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By Terry Gifford
John Muir was not unaware of how his discoveries from his empirical research in Yosemite were being used by the professionals who were impatient for conventional scientific papers from him. Muir suspected that his refusal of scientific discourse initially left him vulnerable. Muir’s early revolutionary newspaper article titled “Living Glaciers of California” began life in a letter of 8 October 1872 to his friend Jeanne Carr in which Muir set out his empirical research results in glaciology, joking, “You will have the first chance to steal.” This follows his complaint that a paper for the Boston Society of Natural History from Professor Samuel Kneeland drew from Muir’s work “and gave me credit for all of the smaller sayings and doings, and stole the broadest truth to himself.” When Muir’s literary executor William Frederic Badè compiled “The Life and Letters” (1924; reprinted 1996) he tactfully omitted a paragraph from this letter in which Muir also wondered how much credit he was being given in a lecture by the Berkeley geologist Professor LeConte whom Muir had guided with his students in Yosemite two years before. This lecture was to be published and was advertised as ‘advancing many new and interesting theories.’ Muir wrote to Jeanne Carr that he could better express his own thoughts for the public than LeConte’s “second-hand rehash.” So Muir’s resolve to publish his own work more effectively, using Jeanne Carr as, in effect, his literary agent, derived, at least in part, from a mistrust of professional scientists. In his determined amateurism and refusal to limit himself to the discourse of the professionals, Muir reached a wider audience with greater effect, gaining for himself a place not only in scientific, but also in literary history. In the richness of Muir’s discourse, he reveals himself to be what he admired in Asa Gray, “a great, progressive, unlimited man like Darwin and Huxley and Tyndall.”
What are the ways in which Muir’s discourse might be described as “progressive” and “unlimited?” Two key features are narrative and metaphor. Even as he prepared to give the facts and figures of the movements of his stakes in the Mt. McClure glacier, which proved that the living glaciers of the high Sierra were moving at one inch each day, Muir launched into a mystery narrative, vivid with detail, lively in analogy, seductive in alliteration and powerfully rhythmic:
One of the yellow days of last October, when I was among the mountains of the Merced group, following the footprints of the ancient glaciers that once flowed grandly from their ample fountains, reading what I could of their history as written in moraines and canyons and lakes and carved rocks, I came upon a small stream that was carrying mud I had not before seen.
Ending this sentence with a slightly formal inversion enables Muir to produce the rhyme that sets up the mystery: “stream’/’seen.”
In his personal narratives, Muir frequently exclaims aloud: “Before I had time to reason I said, “Glacier Mud! Mountain meal!”’ The dramatic effect of this on the page has been enhanced by Badè’s addition of the quotation and exclamation marks. It is worth remembering that Muir developed a reputation for oral dramatic storytelling that must have been symbiotic with his written narrative sense. Ronald Limbaugh has brilliantly shown that Muir integrated not only his reading, but his oral storytelling with what we have in print in the case of the story of Stickeen. So, as the narrative unfolds, mud leads to a terminal moraine, above which is snow, on which are lines of stones clearly moving in curves and “I shouted, “A living glacier!”’ The Berkeley scientist LeConte had mistrusted Muir’s sample of glacier ice that he had sent him years before, so Muir ‘determined to collect proofs of the common measured arithmetical kind’ which in this letter/article/paper he goes on provide. Of course, what Muir’s measurements revealed was a narrative much more important than that of personal discovery, solving a mystery, or correcting the skeptical professionals of his day who clung to a belief that Yosemite Valley was formed by a single seismic cataclysm. Muir’s is the fundamental narrative demonstrated from different data by Darwin, that creation is still ongoing.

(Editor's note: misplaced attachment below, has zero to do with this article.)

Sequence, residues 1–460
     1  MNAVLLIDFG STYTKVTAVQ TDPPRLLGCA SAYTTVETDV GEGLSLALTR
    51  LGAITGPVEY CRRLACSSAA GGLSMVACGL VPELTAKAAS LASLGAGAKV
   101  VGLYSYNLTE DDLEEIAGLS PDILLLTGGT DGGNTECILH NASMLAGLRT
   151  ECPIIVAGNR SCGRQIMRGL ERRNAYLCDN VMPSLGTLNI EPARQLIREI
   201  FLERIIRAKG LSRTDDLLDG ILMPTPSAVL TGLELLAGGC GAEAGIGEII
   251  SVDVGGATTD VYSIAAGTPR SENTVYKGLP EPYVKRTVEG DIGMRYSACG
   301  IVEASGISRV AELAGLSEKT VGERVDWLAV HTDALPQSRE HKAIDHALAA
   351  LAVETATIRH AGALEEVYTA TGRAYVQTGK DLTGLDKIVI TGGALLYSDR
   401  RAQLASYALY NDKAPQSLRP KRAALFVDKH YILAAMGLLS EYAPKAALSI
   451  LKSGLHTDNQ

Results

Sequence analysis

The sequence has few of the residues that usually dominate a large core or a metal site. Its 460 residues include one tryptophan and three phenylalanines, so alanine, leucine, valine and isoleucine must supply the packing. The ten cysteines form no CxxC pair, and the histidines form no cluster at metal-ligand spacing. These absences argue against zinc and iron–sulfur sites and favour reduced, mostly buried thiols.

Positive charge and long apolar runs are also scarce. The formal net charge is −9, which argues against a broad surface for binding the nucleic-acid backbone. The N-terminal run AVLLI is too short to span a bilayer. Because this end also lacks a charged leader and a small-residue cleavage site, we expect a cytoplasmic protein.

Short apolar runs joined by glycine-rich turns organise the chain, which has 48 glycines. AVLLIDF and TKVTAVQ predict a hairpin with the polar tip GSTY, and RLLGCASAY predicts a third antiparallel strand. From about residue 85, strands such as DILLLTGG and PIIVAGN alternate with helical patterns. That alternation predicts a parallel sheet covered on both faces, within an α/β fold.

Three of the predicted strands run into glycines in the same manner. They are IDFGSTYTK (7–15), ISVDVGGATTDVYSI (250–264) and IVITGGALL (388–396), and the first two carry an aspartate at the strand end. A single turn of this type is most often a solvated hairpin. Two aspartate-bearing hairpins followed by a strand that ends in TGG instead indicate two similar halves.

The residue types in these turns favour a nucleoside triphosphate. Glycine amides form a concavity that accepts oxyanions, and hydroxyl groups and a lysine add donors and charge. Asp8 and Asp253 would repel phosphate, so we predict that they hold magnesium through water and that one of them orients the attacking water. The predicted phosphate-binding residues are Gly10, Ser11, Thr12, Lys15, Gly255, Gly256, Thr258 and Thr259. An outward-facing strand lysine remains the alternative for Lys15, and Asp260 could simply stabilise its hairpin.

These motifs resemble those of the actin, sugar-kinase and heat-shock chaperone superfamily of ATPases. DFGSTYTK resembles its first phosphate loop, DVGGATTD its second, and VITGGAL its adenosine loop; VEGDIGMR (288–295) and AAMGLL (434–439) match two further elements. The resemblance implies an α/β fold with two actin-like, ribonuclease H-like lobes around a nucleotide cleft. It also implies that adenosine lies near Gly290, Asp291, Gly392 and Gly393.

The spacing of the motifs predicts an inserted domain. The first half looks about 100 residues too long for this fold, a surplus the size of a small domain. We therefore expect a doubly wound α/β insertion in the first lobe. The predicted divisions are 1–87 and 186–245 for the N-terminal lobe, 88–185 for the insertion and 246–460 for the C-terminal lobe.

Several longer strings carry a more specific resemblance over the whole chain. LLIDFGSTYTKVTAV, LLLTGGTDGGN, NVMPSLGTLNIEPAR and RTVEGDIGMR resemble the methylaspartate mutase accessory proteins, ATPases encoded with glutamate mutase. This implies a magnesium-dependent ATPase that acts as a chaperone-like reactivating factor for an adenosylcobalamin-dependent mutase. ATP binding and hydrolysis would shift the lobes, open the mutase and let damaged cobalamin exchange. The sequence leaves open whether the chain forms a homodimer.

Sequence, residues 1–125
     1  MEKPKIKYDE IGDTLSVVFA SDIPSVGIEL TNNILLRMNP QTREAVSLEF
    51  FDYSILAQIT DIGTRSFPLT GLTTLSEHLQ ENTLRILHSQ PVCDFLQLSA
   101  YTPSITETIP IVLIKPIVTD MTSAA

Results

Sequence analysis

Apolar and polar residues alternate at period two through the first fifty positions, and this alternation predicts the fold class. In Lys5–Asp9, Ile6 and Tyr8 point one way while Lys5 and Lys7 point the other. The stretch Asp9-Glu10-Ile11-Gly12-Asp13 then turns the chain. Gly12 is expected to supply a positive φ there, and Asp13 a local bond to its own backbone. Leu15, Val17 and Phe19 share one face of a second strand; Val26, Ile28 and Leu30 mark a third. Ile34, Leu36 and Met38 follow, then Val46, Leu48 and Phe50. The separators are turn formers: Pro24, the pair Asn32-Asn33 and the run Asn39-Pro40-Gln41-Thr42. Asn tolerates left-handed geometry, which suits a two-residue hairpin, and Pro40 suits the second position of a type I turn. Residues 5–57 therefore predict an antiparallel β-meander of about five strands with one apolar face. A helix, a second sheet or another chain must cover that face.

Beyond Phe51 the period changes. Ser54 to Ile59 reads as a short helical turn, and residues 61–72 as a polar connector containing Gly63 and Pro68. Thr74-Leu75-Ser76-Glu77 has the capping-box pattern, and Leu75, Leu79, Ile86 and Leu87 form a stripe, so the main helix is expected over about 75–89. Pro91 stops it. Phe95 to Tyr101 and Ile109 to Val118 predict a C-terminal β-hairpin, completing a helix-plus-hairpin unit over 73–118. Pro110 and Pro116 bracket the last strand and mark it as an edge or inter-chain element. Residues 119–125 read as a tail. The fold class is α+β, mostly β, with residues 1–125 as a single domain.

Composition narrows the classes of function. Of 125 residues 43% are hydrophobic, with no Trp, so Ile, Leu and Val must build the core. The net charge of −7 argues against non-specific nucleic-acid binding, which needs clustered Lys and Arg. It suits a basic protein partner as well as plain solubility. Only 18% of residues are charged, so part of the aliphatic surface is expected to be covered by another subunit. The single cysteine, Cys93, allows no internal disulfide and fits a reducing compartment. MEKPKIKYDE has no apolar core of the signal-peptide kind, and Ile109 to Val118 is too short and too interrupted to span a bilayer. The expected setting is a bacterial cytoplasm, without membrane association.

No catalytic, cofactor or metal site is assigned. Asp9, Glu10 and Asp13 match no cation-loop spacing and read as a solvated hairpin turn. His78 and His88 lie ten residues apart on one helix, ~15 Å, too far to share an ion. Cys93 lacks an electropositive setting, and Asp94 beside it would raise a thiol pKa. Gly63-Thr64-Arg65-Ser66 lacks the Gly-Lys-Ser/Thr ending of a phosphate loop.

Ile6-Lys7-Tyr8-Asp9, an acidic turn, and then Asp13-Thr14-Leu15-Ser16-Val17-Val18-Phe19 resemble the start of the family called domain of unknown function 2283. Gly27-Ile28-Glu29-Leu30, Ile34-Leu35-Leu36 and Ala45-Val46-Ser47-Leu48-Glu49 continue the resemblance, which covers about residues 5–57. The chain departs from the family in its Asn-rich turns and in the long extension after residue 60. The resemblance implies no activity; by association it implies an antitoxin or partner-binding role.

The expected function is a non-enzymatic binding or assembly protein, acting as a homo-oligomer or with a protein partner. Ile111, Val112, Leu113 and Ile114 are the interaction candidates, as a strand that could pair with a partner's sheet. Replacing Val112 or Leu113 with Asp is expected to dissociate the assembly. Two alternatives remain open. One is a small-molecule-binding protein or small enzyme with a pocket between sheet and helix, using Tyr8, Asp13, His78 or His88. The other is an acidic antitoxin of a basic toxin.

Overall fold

It is the dynamic interplay of elemental forces in the natural world that is Muir’s central narrative, and the reason why his writing is so dramatic is because he seeks to place himself in their way for the purpose not only of empirical observation, but also to be at home in them as a species. Muir’s scientific data is always a personal narrative because he wants to demonstrate that it is possible for our species to find a place in that ongoing creation. His personal example leads his readership to be aware of choices crucial to its influence on evolution. If, for example, logging reduced the number of tree species in America, the future evolution of American forests was limited in its development. Conservation became, for Muir, not just nostalgic preservation, but an intervention in potential futures. In specific cases, this narrative would determine whether the human species could survive in America. Muir noted that the logging of watersheds, for example, was having a disastrous effect upon water conservation in a California that looked unlikely to be able to sustain its growing human population.
Commenting on Darwin’s evolutionary narrative, Gillian Beer writes, “Evolutionary theory brings together two imaginative elements implicit in much nineteenth-century thinking and creativity. One was the fascination with growth … The other was the concept of transformation.” When Beer writes that the reason why Wordsworth and Coleridge mattered to Darwin was because of their “emphasis on growth and process rather than on conclusion and confirmation,” one recognizes Muir’s central narrative drive. For Muir, that unfinished process of American nature—rather than American “landscapes”—had implications for the human species that called for a conservation debate that went deeper than the usual nineteenth century American concept of “wise use of resources.” This required a popular mode of writing that could draw upon all the resources of rhetoric. As a trained scientist who had studied the Bible, Milton and Burns, Muir had the literary skills as well as the discipline-base to combine the discourses of authoritative scientist, popular poetic nature writer, and conservationist preacher with, admittedly, varying degrees of success.